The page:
If we are going to drop fro our role of military partner to the US, perhaps we should become the key driver of delivering aid for the world.

The above is probably not what you all want to hear – but at least it will maintain a set of assets that can be used in times of need (does anyone remember all of the merchant ships requisitioned for the falklands).

I am against foreign aid that is just giving money away, I am for it if our armed forces are delivering it.

Defence of the UK is primarily a role for the Navy and RAF and to do this properly will cost a minimum of £18b, after that it is what you want to spend on everything else.

I think this is ultimately an organisational thing as Israel and even the USMC get better VFM than Britain and it is that what needs to be addressed

Philip Hammond has done a great job, pity he was moved to the Foreign Office before completing the job.

WhitestElephant
WhitestElephant
April 4, 2015 4:47 pm

“So lets stop kidding ourselves we ‘NEED’ carriers deployable brigades etc: -we don’t. Our mindset of the last 200 Years needs a reset.”

We have the worlds 5th largest economy, 90% of our imports come by sea, we have global interests to protect and global stability is key to this nations stability and prosperity.

Very very few nations find itself as capable (or as well placed) as Britain to maintain that good order, albeit as global lieutenant to America – but is that a bad thing?

We are by no means a small nation as many would like us to become. I do not think we should prematurely resign ourselves to home defence and rely on the Americans or NATO to do everything for us, while only contributing in a junior/minor way.

That day will inevitably come, when our capabilities are no longer relevant, because China(?) the EU and who knows what else emerges better placed to tackle global stability with the Americans. But we are not at that point now.

We have a long way to go yet, before we are Little England.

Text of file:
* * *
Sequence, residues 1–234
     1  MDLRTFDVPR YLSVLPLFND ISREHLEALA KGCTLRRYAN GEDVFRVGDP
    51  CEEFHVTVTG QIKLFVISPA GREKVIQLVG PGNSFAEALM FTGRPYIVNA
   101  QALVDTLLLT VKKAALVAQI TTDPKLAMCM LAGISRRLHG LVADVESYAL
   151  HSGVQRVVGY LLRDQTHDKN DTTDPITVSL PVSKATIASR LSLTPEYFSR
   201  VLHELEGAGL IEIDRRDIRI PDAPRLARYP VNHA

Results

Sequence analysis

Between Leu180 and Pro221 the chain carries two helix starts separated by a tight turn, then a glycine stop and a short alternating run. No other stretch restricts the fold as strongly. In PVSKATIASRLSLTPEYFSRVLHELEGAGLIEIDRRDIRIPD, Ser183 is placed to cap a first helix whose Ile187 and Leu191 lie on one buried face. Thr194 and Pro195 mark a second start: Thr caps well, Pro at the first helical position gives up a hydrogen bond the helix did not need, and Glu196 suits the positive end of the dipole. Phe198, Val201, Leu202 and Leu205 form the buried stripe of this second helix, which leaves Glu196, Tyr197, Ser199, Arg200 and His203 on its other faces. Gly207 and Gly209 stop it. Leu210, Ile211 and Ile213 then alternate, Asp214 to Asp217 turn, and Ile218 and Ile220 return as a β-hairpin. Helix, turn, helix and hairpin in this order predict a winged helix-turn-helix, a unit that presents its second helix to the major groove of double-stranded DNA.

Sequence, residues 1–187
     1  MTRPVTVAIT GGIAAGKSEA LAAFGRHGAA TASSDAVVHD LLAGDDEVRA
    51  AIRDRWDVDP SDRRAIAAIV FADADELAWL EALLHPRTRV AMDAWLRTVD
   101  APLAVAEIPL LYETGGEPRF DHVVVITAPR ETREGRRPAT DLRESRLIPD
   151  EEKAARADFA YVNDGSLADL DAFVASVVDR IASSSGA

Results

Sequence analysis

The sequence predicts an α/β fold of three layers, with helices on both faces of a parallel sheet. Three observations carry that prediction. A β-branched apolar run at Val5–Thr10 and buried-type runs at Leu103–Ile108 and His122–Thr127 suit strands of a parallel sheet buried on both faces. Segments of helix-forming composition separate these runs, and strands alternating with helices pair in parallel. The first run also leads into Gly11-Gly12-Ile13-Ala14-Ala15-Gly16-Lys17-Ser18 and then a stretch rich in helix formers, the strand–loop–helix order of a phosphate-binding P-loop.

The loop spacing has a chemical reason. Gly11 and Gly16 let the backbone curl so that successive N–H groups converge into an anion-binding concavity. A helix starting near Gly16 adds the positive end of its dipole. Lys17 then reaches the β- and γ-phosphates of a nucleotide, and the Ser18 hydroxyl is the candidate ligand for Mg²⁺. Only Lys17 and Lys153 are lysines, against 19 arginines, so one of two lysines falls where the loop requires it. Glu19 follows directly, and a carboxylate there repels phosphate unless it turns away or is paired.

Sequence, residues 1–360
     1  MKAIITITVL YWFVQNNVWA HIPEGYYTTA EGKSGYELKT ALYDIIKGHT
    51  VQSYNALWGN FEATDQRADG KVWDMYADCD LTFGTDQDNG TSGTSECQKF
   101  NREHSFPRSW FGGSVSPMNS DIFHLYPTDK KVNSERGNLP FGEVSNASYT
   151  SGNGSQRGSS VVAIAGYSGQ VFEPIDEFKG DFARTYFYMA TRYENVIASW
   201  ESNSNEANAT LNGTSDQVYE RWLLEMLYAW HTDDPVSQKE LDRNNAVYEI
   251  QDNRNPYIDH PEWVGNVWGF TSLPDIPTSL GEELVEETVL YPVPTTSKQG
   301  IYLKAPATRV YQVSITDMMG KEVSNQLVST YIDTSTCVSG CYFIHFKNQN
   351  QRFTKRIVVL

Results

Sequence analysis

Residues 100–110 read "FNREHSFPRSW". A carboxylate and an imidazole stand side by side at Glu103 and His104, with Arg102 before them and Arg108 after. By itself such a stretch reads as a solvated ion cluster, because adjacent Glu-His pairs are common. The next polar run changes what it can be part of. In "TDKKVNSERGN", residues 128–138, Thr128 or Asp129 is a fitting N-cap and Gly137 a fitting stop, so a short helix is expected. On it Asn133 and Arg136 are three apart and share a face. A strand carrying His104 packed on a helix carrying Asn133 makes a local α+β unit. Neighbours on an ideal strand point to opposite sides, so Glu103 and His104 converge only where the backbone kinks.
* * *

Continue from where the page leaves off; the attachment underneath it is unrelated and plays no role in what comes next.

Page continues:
Pacman27
Pacman27
April 4, 2015 4:58 pm

The lessons of the past are that we do not resource our military properly and that this costs lives.

whether it is dodgy ship radar in the falklands or a total lack of body armour and vehicles in afghanistan – this lack of attention to our troops welfare must stop.

The above must not be repeated and we should think very carefully about committing troops that do not have the right equipment, even making it illegal to send troops into theatre without a pre-agreed list of equipment for each engagement type.

Where a coroner finds that troops have been sent to theatre without the appropriate force structure or equipment, the Government of the day should be prosecuted as should the heads of the military who sanctioned the order to deploy.

Unfortunately, the only people who pay the price for our skinflint politicians are those people in th forces protecting our freedom. It is a national disgrace that our forces are sent into theatre without the right equipment and this must stop with SDR15 where clear parameters of force type and engagement type are clearly articulated and placed into the military covenant.

Chris
Chris
April 4, 2015 5:18 pm

Pacman27 – I fear such cast-iron rules would backfire. Agreed all efforts should go to making the deployment as safe for the personnel as operationally possible, but if there is a very real threat of manslaughter actions if any forces personnel are lost, then the direct reactions are 1) the politicians will never commit forces no matter what ills may result, 2) the only deployments would be so over-stuffed with protective measures as to be operationally impotent, 3) if real military advantage could be gained by committing specialist personnel to high risk low survival tasks then Command will not pursue the advantage, 4) the politicians would soon realise the military had become pointless and would shut them down to buy more votes in health & welfare.

Its an unappealing truth that the military are at their most effective when risks are taken; sometimes things don’t go well, sometimes they really work out. Castrating the strategic decision-makers would result in a toothless paper tiger.

So by all means equip the personnel with the right kit for the task; give the senior military a veto on deployment if preparation is inadequate if you must, but once deployed the military commanders have to be free to take unpalatable decisions in order to achieve their military objectives. In my opinion.

Repulse
April 4, 2015 5:28 pm

@TD: Interesting question, but we shouldn’t fall into the trap that defence starts at the 12nm limit. I’m not saying we should intervene in far off lands as much as we have, especially on self gratifying humanitarian wars, but remember that attack is sometimes the best form of defence.